Myung Hee Park, PhD

Senior Investigator

Molecular & Cellular Biochemistry Section


Building 30 Room 3A300
30 Convent Dr MSC 4340
Bethesda MD 20892-4340


Research Topics

Dr. Myung Hee Park studies the role of a polyamine-modified cellular protein—eukaryotic translation factor 5A (eIF5A) -- in the regulation of eukaryotic protein synthesis, cell proliferation, and tumorigenesis. 5A(eIF5A) contains an amino acid known as hypusine. Hypusine modification is vital for protein synthesis and cell proliferation and offers a novel target for intervention in aberrant cell growth, such as cancer. Dr. Park’s group established the enzymatic steps of hypusine synthesis involving the polyamine spermidine, and cloned and characterized the mechanisms and structural properties of the two enzymes, deoxyhypusine synthase (DHS) and deoxyhypusine hydroxylase (DOHH). The group is developing inhibitors of DHS and DOHH through rational design and high throughput screening for use in treatments for diseases in which eIF5A has been implicated. Dr. Park also investigates the function and the mechanism of action of polycationic polyamines in the regulation of cellular proliferation, differentiation, and transformation.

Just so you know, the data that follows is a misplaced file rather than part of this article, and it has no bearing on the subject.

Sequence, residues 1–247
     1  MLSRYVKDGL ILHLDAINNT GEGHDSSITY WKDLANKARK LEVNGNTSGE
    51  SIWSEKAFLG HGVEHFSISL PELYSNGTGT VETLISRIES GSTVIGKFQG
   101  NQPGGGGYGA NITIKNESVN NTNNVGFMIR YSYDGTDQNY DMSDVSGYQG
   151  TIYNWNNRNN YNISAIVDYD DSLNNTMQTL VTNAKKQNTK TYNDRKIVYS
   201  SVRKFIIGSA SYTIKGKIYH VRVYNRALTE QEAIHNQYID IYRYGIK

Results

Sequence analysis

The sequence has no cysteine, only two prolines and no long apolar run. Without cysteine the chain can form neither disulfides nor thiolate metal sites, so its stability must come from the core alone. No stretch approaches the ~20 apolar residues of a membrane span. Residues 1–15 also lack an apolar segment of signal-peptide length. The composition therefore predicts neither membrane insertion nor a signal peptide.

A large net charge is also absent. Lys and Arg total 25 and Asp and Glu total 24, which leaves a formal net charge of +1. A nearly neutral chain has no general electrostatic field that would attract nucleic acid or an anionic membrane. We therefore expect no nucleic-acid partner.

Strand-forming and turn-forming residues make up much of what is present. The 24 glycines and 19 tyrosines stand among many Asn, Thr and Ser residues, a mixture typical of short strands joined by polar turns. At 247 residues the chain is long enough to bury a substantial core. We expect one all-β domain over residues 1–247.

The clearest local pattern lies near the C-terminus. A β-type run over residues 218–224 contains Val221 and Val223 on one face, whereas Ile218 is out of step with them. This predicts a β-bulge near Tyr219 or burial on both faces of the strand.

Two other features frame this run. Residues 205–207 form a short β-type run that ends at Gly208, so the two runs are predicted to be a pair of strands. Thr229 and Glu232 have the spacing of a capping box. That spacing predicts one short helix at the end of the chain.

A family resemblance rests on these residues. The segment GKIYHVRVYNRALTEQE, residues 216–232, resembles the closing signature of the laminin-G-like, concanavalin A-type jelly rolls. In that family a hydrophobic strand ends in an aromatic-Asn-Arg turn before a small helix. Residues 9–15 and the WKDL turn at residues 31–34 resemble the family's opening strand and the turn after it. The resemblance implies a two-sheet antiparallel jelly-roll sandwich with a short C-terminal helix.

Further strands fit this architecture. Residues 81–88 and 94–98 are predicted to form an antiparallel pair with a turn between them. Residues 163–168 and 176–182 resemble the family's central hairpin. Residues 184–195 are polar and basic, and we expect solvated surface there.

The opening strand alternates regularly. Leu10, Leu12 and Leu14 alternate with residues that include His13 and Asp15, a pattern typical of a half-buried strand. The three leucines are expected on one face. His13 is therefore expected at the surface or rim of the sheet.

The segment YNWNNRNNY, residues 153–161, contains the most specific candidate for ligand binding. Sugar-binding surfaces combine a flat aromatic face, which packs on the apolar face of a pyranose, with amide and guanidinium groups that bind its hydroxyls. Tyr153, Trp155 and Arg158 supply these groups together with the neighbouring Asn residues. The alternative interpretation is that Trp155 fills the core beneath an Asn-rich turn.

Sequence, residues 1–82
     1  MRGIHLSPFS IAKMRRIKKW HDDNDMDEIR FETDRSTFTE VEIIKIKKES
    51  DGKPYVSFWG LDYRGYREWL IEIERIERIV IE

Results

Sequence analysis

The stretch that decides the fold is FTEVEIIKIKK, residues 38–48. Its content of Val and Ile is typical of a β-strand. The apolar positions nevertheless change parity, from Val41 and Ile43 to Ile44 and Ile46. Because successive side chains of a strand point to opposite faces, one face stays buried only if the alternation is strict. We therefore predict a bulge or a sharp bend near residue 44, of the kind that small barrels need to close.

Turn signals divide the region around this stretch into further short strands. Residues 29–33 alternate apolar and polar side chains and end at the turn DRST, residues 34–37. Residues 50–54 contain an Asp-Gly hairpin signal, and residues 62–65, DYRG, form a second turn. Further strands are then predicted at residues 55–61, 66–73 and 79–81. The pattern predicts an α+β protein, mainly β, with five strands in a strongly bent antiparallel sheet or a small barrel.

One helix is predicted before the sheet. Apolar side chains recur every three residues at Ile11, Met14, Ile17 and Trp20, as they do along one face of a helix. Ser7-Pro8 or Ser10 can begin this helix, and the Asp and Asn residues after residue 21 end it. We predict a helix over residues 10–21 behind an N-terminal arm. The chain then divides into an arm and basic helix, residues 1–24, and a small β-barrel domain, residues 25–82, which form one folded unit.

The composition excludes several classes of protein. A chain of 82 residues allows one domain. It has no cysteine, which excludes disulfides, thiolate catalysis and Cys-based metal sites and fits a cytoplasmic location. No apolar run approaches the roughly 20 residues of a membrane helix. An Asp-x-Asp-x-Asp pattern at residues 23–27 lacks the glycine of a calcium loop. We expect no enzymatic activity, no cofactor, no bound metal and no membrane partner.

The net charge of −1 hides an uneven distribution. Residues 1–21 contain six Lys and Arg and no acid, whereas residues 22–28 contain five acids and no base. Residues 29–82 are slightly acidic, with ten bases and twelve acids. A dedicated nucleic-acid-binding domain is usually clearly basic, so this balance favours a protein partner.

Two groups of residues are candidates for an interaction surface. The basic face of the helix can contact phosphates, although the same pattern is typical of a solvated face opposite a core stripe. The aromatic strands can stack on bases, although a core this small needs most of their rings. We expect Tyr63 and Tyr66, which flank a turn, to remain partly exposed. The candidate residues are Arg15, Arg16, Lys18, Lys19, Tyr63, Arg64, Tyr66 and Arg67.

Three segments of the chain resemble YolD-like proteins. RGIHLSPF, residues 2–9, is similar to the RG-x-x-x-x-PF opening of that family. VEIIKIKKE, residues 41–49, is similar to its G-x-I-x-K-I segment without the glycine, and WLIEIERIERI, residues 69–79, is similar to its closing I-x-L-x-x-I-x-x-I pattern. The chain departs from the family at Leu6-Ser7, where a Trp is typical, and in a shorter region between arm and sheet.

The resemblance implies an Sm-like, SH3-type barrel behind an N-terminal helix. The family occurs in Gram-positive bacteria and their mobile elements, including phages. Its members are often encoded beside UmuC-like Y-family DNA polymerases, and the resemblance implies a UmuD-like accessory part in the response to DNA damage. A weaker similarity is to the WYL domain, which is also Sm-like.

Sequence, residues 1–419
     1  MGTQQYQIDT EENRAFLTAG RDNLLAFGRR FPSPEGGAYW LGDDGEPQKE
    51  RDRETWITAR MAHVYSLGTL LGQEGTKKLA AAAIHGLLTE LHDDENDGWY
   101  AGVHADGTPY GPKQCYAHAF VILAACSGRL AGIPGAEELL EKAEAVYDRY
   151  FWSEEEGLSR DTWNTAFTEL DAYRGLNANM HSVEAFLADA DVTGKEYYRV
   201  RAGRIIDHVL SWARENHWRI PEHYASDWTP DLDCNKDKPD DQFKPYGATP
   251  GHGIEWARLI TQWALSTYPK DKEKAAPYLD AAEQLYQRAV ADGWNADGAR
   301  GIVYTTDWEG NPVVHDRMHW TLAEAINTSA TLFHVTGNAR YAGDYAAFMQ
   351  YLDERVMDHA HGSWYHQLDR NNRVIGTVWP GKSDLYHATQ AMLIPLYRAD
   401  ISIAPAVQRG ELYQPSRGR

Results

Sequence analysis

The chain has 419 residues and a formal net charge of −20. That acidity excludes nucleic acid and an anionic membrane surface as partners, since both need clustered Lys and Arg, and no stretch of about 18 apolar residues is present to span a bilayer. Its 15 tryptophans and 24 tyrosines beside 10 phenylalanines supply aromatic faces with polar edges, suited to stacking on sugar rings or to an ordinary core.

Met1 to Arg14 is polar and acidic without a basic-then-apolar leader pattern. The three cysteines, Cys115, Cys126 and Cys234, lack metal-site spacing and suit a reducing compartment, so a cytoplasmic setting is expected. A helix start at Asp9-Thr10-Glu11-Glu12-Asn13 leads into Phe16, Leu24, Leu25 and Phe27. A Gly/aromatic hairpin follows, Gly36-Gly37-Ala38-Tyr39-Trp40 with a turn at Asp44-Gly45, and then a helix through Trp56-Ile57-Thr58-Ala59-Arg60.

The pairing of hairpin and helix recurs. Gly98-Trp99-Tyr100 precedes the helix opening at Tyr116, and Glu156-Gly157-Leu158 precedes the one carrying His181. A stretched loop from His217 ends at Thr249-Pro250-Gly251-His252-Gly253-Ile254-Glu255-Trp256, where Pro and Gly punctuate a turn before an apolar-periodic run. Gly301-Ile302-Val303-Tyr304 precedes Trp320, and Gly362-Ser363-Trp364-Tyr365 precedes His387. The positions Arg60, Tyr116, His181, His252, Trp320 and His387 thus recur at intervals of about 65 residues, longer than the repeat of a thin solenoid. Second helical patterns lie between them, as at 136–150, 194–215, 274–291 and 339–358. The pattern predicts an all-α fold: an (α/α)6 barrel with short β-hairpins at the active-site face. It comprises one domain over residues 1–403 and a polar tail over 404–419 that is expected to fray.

Dr. Park received her BS from Seoul National University, Korea, and her PhD in chemistry from Brown University. Dr. Park completed her postdoctoral work in cell biology at the Massachusetts Institute of Technology. In 1979, she joined the Laboratory of Biochemistry at NIDCR as a visiting fellow and discovered a novel posttranslational modification pathway that converts a specific lysine of the eukaryotic translation factor, eIF5A, to hypusine by the polyamine spermidine. Dr. Park was appointed chief of the Molecular and Cellular Biochemistry in NIDCR in 1998. Dr. Park is recognized for her pioneering research on the hypusine modification of eIF5A and on the functions of polyamines and eIF5A as key regulators in mammalian cells

This page was last updated on February 18th, 2018